This post continues the series on the pillars of Total Productive Maintenance (TPM). Here we look at the last four pillars: quality, training, administrative, and safety. However, I find those pillars weaker than the first four. While the topics are important, in my view they should not be separate pillars. I think these topics are either better placed elsewhere (administrative) or should be integral part of all the other pillars (quality, training, and safety). Hence, I believe this is a weaker part of the TPM framework, and I won’t go into as much details as the previous pillars. In any case, let’s have a look. But feel free to disagree! I am looking forward to your comments, as I will surely learn something from them.
On Christmas Eve 115 years ago, Joseph Moses Juran (December 24, 1904 – February 28, 2008) was born. He was a highly respected and very influential quality guru. His work not only helped the United States, but also changed Japan, possibly even more than that of his better-known colleague Edwards Deming. Time to look back on his life’s impact on the world.
A changeover is changing the set-up of a process from one product to the next. Reducing changeover times is a common and popular way to decrease inventory or to increase available work time (see SMED). Ideally, the changeover time should be zero, allowing true one-piece flow. In reality, however, it is often not zero. This post looks in more detail at the different phases of a changeover to help you understand the process better and to reduce your changeover times.
There are different ways to organize your shop floor. You surely know the flow shop and the job shop. There is also a project shop (with many variants of names). While the flow shop is in many cases the ultimate goal, each shop has advantages and disadvantages. Let’s look at them in more detail, starting with the project shop.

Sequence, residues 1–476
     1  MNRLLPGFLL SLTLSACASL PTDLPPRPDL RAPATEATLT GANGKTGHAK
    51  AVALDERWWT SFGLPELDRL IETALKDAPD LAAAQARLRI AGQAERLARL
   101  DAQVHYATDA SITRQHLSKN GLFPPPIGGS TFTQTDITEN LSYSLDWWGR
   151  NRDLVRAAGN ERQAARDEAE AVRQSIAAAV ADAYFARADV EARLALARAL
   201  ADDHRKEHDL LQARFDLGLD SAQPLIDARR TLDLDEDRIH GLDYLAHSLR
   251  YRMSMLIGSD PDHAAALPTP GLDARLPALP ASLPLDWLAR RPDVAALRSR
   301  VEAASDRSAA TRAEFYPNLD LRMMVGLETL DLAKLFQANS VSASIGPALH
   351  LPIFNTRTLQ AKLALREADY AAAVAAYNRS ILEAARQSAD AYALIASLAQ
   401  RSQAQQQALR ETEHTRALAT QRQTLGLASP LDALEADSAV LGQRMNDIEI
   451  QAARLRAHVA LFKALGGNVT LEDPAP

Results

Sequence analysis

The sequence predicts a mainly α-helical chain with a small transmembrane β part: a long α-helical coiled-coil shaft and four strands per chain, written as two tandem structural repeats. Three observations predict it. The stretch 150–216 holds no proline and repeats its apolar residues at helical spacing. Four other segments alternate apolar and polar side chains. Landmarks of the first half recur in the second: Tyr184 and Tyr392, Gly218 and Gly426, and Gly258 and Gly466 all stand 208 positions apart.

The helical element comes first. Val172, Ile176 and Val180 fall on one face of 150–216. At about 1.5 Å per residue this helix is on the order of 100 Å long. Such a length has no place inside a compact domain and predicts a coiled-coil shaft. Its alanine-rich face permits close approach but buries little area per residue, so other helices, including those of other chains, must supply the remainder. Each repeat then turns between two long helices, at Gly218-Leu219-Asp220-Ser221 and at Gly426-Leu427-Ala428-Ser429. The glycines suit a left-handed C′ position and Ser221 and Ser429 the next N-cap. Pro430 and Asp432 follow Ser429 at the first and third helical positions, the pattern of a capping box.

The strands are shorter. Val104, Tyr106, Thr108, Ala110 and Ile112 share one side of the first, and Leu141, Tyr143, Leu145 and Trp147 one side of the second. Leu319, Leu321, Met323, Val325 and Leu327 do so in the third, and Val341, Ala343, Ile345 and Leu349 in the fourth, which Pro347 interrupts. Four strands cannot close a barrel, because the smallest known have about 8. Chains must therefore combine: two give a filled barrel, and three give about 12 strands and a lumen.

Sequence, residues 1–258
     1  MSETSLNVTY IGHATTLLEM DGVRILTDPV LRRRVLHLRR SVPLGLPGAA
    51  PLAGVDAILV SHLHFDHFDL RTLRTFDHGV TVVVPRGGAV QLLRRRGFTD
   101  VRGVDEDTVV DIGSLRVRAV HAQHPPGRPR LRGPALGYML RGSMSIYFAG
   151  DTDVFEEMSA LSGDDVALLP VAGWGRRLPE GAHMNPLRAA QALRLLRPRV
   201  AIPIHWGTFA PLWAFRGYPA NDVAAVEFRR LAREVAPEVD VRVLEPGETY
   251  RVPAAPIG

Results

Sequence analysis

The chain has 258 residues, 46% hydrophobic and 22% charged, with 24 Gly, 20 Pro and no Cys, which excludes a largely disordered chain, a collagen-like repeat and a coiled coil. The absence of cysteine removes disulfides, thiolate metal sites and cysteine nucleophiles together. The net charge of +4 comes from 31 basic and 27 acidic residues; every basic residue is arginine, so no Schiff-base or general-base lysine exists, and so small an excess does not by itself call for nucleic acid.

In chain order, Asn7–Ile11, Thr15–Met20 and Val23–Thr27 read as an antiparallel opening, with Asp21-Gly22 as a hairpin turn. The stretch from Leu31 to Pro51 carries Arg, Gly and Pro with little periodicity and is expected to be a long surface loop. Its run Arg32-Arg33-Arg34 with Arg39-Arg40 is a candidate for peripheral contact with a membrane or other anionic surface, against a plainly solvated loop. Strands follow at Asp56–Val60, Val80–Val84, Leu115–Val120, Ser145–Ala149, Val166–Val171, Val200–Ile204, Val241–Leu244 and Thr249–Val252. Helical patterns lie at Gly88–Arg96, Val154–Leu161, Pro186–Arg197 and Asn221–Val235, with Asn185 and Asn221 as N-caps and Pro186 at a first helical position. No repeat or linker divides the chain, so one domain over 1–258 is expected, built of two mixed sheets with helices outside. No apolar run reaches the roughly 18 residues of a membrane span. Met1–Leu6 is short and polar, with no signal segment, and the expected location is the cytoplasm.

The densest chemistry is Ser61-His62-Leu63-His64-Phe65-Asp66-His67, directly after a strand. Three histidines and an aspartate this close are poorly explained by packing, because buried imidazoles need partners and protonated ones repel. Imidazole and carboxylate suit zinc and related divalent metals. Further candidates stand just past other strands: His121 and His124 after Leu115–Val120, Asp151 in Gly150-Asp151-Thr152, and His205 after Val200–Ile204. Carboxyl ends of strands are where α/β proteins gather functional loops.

Often, implementing “lean” means management is picking the latest lean-related buzzword and telling their people to implement it. This is wrong on so many levels. For one, a lean project should always start with a problem, not a solution. On another level, good manufacturing is all about the nitty-gritty details. Both normal operations and improvement projects need a lot of attention to details. Unfortunately, this is frequently lacking in many companies. In this post I would like to show you the level of detail for operator training in some excellent companies.
Quality starts at the top with management. Top executives like to talk about quality, but employees below usually know very well if the manager only talks the talk or also walks the walk. Words are cheap. Quality (and pretty much everything else that is important) requires attention by management.
One of the main aspects of lean manufacturing is quality. This post discusses the differing attitudes regarding quality in different corporate cultures. In particular, the Toyota brake recalls and the GM ignition recalls are compared.
If you work in manufacturing, sooner or later you will find someone who claims that lean manufacturing is all about Zero Defects. Or Zero Inventory. Or Zero Lead Time. Or Zero Whatever. This is bollocks! Zero Defects was a management fad from the 1960s that pops up regularly every now and then again. In this post we will look at what Zeros there really are in lean manufacturing – if any.